Coming back to this year and with last stage about to begin we had static pouring out of all our radios!

One obvious action by the placer nearest to start was to try and communicate delay to flag off. Fortunately he was within BSNL range and so was start. SO one issue was taken care of.

Then we started a roll call of all marshals. Using spots that were not getting static some how we were able to account for 80% but two three spots still remained. So the marshal's nearest to them were asked to move and ascertain that they were not the culprit.

In the meanwhile it was decided to switch channels so that the constant transmission was taken out of equation. Again this was communicated up and down the stage and every one switched channels. The untouched marshals were also reached by others and asked to switch channels. All looked well and for a thirty odd kilometre long stage all this was achieved in fifteen minutes and first vehicle was in to the stage with only corresponding delay. For a cross country rally delay in one stage can lead to major disruptions and even unscheduled halts or curtailing of stages.

So some marshals drove up and down within short time to other hop location and ensured that safety communication bridge was up and working. All I will say they did not drive slowly.

In the meanwhile a message from start had us cursing. The PTT was accidentally pressed under the foot of a sleeping driver in one of the non-marshal (politically speaking) vehicles.

The stage ran without hitch with only one biker dropping out on the Drass Umba La climb due to cracked chamber. Recovery crane was radioed vehicle location to pick up the bike. The rider picked up by one the marshal's to be dropped off at Kargil. After the stage we all headed to Leh.

Last edited by Rehaan : 3rd November 2017 at 10:10. Reason: Fixing some typos
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Old 2nd November 2017, 18:31   #6
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Some pictures from this day courtesy Facebook page of Ganesh Ramalingam https://www.facebook.com/ganesh.ramalingam

Suresh Rana the winner in 2017. He has held the title for 11 times now!!Marshal's Travel Stories: The 2017 Raid De Himalaya-22538654_10214788427610550_5835443140711623900_o.jpg

Looking towards the Indo Pak line of control from the high pass.
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Marshal vehicles parked together a rare sight during the day when stage is running. This is at end of last stage so every one was at ease.
Marshal's Travel Stories: The 2017 Raid De Himalaya-22406493_1346181138826327_6086403024982640391_n.jpg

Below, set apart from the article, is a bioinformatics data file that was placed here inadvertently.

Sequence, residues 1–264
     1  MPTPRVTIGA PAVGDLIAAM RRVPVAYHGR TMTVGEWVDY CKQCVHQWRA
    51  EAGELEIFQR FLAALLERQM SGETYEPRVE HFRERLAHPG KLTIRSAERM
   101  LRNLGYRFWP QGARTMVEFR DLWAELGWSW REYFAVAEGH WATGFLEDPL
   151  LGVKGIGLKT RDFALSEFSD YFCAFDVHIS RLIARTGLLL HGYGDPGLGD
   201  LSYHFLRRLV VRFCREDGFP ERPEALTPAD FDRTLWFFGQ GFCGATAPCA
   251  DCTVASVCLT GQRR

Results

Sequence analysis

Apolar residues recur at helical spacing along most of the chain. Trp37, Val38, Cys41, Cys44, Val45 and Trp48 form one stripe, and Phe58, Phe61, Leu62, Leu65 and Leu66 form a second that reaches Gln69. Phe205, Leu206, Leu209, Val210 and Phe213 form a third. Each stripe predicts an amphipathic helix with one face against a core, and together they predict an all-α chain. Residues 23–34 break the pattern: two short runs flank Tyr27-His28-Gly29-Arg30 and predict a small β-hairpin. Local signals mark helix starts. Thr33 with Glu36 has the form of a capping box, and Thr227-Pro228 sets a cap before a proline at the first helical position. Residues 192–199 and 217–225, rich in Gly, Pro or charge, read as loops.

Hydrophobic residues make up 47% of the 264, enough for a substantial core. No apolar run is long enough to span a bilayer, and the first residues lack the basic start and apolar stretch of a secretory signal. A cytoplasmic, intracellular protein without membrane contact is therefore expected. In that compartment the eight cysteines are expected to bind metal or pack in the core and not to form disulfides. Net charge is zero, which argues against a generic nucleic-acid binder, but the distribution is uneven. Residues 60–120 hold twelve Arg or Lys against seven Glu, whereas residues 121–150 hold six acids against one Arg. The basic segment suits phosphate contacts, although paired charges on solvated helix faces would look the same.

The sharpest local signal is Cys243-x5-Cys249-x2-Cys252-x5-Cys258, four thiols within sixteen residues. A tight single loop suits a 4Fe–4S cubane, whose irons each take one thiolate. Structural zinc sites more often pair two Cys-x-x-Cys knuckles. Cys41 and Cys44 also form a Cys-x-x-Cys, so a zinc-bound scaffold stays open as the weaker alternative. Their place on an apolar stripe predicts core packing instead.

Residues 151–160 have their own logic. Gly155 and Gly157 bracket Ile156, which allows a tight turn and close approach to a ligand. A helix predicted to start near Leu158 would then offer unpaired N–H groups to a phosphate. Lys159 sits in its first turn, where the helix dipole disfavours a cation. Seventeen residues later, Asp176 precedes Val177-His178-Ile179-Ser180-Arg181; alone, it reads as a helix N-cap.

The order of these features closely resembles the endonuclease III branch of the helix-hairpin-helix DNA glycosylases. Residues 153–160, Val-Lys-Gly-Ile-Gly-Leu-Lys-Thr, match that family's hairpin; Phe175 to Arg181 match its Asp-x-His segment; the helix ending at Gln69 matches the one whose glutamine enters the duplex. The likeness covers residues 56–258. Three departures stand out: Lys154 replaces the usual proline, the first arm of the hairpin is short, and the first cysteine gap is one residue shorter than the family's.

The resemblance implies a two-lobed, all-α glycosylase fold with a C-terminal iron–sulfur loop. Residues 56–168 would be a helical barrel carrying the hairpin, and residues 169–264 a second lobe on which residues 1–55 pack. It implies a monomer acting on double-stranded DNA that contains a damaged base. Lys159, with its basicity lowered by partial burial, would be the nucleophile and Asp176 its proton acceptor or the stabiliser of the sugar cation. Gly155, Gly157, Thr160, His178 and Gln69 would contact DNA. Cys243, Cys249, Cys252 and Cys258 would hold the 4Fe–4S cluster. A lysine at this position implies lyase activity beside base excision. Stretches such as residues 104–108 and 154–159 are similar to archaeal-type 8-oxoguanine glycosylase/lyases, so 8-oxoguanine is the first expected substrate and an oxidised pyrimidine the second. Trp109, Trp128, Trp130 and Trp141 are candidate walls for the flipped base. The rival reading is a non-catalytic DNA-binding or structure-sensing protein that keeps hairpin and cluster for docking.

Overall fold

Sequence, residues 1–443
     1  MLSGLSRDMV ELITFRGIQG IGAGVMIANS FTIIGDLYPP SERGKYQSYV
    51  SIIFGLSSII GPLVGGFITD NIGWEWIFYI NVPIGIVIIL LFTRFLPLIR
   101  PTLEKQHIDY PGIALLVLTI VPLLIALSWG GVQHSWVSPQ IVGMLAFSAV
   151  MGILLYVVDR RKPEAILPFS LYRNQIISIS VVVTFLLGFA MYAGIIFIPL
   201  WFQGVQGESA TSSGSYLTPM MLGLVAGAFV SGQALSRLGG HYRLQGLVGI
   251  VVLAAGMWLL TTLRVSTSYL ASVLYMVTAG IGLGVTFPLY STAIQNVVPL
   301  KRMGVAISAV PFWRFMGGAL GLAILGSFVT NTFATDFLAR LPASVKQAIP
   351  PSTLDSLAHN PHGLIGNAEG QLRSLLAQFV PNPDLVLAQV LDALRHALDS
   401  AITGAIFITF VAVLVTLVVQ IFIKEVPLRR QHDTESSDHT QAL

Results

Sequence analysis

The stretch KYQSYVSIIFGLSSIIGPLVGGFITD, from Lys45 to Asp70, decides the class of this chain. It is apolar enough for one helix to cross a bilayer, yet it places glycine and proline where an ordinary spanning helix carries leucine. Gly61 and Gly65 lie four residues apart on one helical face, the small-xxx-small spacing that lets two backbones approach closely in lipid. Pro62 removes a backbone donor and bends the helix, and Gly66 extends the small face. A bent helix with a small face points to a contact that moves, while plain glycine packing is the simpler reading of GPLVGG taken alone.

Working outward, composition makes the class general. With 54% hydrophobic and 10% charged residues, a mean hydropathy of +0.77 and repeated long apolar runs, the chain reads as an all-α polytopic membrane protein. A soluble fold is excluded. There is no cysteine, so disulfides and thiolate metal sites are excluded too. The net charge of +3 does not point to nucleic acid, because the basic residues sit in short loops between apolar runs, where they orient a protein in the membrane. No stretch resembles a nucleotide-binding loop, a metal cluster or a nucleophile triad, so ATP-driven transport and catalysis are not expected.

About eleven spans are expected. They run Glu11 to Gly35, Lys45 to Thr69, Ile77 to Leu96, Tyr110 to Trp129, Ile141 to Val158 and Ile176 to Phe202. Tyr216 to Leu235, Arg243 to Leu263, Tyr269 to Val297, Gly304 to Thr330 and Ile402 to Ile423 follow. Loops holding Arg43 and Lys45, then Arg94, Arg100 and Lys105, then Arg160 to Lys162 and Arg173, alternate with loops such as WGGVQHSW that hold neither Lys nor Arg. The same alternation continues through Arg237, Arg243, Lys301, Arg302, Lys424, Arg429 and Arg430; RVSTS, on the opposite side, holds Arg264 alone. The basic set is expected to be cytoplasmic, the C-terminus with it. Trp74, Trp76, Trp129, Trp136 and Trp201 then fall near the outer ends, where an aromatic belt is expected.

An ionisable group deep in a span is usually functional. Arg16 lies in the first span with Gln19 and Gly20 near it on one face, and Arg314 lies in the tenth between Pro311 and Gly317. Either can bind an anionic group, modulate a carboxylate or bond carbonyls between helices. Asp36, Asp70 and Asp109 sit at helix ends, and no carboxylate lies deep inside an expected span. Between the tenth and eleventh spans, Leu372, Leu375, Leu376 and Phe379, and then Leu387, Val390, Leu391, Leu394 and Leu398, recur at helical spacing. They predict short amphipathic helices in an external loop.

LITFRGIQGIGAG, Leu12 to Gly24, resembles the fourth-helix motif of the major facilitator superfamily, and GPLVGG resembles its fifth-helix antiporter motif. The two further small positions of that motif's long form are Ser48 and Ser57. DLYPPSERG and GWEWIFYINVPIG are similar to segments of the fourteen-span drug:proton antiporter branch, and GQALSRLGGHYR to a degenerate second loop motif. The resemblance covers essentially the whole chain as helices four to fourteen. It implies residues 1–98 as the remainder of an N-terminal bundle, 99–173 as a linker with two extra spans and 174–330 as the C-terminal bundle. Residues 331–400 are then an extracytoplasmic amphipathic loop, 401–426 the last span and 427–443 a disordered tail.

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Old 2nd November 2017, 19:07   #7
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For marshal’s reaching the night halt city does not mean quick check in and into the bed. First thing is to ensure you fuel up. The typical distance covered may be less than half a tankful but one has to prepare for extra travel and also to keep the cold out keeping the engine running at idle.

Surprisingly it was not that cold in Pang this time around with temperatures dipping only to low of -3 degree and hardly any wind. I remember during one of the first Raid I did as an marshal it was beyond -10 degree with howling winds. You had to drag your sorry self (cannot use better expression for obvious reasons) out into open every half an hour to start the car for five ten minutes. Being newbie I did it only once and found engine starting perfectly and did not bother to repeat the procedure.

Only next day I learnt and remembered the lesson ever since. I had a frozen tank of diesel which ensured that I could only start the engine much after eleven in the morning after fire and hot water borrowed from army workshop. I missed my duty that day. Fortunately it was a loop day with rally turning back towards Manali so I was able to rejoin after making sure on second night not to be sloppy.

At Pang many marshal’s including me learned why Vodka is essential. No not for consumption but for adding to windshield wash. Else water - not frozen due to engine heat - would become instant ice the moment it is sprayed to clear the glass.

At Pang we had choice of “beds” in the dhaba tents or nothing. The former offered soft cushiony beds that were could well to be laced with lice. The former also offered some sort of central heating with ten twenty people farting and sleeping inside. Also they offered quick access to chai and noodles till reasonably late in night.

SO we chose nothing...
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Old 2nd November 2017, 20:15   #8
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One member I know personally questioned me if this is about motorsports or traveling. I am going to cover travel in this by covering marshal's duties and travel times and styles.

Continuing.

So we decided to sleep in the car. One reason was that it was already almost eleven before we finished dinner and filling up fuel. Second the beds in dhabas were not to our linking. Lastly we only had couple of hours to rest before we were going to be off again.